Nelson Lane: Making His Mark

Sam Switkowski arrives at the loose ball on his side’s half forward flank, a pack swarms around him, Borough tacklers eager and desperate to tighten the net and limit the exits.

The clock reads thirty two and half minutes of a pulsating last term. Box Hill trail by seven points. The visiting Hawks, who’ve lead for much of the day and sit undefeated at the top of the table, look likely to cede both the contest and their perfect record.

Stops dig into the turf for mere hundredths of a second, each player settled for a solitary heartbeat, ‘Switta’ gathers the ball and fires out a handpass in the direction of goal. A teammate has slipped his man and gotten goal side; he’s read the play beautifully, realising he needn’t be sucked to the contest.

With possession his he turns, footsteps closing fast. He takes his time, closes to thirty five and measures his shot.

Thirty-two and a half minutes gone. Box Hill trail by one point.

The man with the ball in hand and the game on his boot remembers the moment vividly.

“I knew the pressure was on but it kind of brought me the calmness I needed, I guess.

“As I went to drop the ball I actually saw my hand shake a little bit, which I remember pretty distinctly but it went through and that’s what counts.”

Nelson Lane’s goal against Port Melbourne belied his relative inexperience and age. It was the goal of a player with terrific temperament and for some might’ve signalled his arrival on the VFL stage. Truth is, he’d arrived several weeks earlier.

In his first year at the club and with six appearances to his name already, you needn’t look too far in the rearview mirror to appreciate Lane’s form and contribution.

Having joined the club as a nineteen year old from the Eastern Ranges, Lane weighed up an extra year of TAC Cup footy but ultimately decided the exposure and experience afforded by the VFL was an opportunity very much worth pursuing.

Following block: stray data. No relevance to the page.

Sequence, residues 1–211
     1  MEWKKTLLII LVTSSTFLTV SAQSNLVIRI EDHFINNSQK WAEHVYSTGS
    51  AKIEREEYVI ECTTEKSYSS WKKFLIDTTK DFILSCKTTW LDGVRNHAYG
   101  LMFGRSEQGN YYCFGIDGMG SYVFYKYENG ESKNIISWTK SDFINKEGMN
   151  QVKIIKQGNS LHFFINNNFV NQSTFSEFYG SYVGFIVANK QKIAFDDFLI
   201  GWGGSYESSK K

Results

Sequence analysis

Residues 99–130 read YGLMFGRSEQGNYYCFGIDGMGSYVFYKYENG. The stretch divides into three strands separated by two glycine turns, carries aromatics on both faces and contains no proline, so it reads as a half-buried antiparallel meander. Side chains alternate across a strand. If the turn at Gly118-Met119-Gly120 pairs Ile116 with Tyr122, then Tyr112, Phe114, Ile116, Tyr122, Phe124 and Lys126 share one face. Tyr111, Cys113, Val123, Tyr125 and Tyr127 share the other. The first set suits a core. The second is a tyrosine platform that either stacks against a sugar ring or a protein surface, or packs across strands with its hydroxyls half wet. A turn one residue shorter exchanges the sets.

“I was hoping to go round as a nineteen year old, but decided in the end that some bigger bodies in senior footy would be better for my development.

“I think last year I was very focused on playing the best I could to help my stocks for the draft, and now that I’ve made the move into VFL I’ve taken a different approach and looked to focus on my enjoyment of the game, buying into the club culture and playing at a really high standard,” says Lane.

“It’s been a really good change for me going forward.”

Lane was invited down to Box Hill to train, duly impressed and and the benefits of that decision – as well as his fresh approach to the game – can hardly be argued.

His expectations when he arrived at Box Hill City Oval were that of a young man content to ply his trade and bide his time.

“When I first got to the club I was thinking it would take me a while to crack into the senior team, with the club being so strong over the last couple of years,

“I was pretty surprised when Newy (Senior Coach Chris Newman) pulled me aside and said I’d be playing as the 23rd (man) against Williamstown.”

His performances since his debut have built a compelling case for his ongoing inclusion. With each passing week he becomes more settled, more sure of himself and more confident the level of competition isn’t beyond him.

In his own words, his role is about creating contests and working hard for his side with and without the ball.

“I’ve been thrown around a bit position wise but at the moment I’d say I just have to win or halve any contests I’m in, and provide some run and carry, breaking angles to find some space for us to work with.”

As for Newman, a man undertaking a fresh step in his own football journey, Lane couldn’t be more effusive in his praise.

“‘Newy’ has been a great influence on the side, promoting a free flowing style of gameplay as well as playing for our mates and backing ourselves in.

“He’s helped me out with my ball use which has been great because I used to be quite inefficient with how I used it, and this year I think I’m a bit better at helping us retain possession.”

As the season quickly unfolded and Newman was forced to re-jig the structure of his forward half tall timber gave way for speed. Its a style of play that requires unyielding work ethic and a commitment to pressure, not necessarily winning possessions.

Lane finds himself now playing as part of a fresh-faced small brigade, comprised of Switkowski, himself and Billy Murphy, among others; all of whom have birth certificates too fresh to have yet gathered dust.

What they’ve been able to produce – both collectively and individually – has been exciting to watch.

“In my first couple of games playing forward, ‘Switta’ was a real role model for how a small forward can really impact the game with manic pressure and causing turnovers forward of centre.

“I think our enthusiasm has been unreal to start the year and with the team’s success it’s hard not to enjoy.”

Lane’s early hopes to bed in and forge a way into the seniors on the back of solid development league form had to be reassessed, but his longer term ambitions remain very much the same.

“I’m still aiming to play at the highest level, but at the moment I’m very happy to be playing at Box Hill.

“I like to think I’m contributing to the team currently, so hopefully I can keep playing my role, keep contributing and help the Club go deep into finals.”


Similar Posts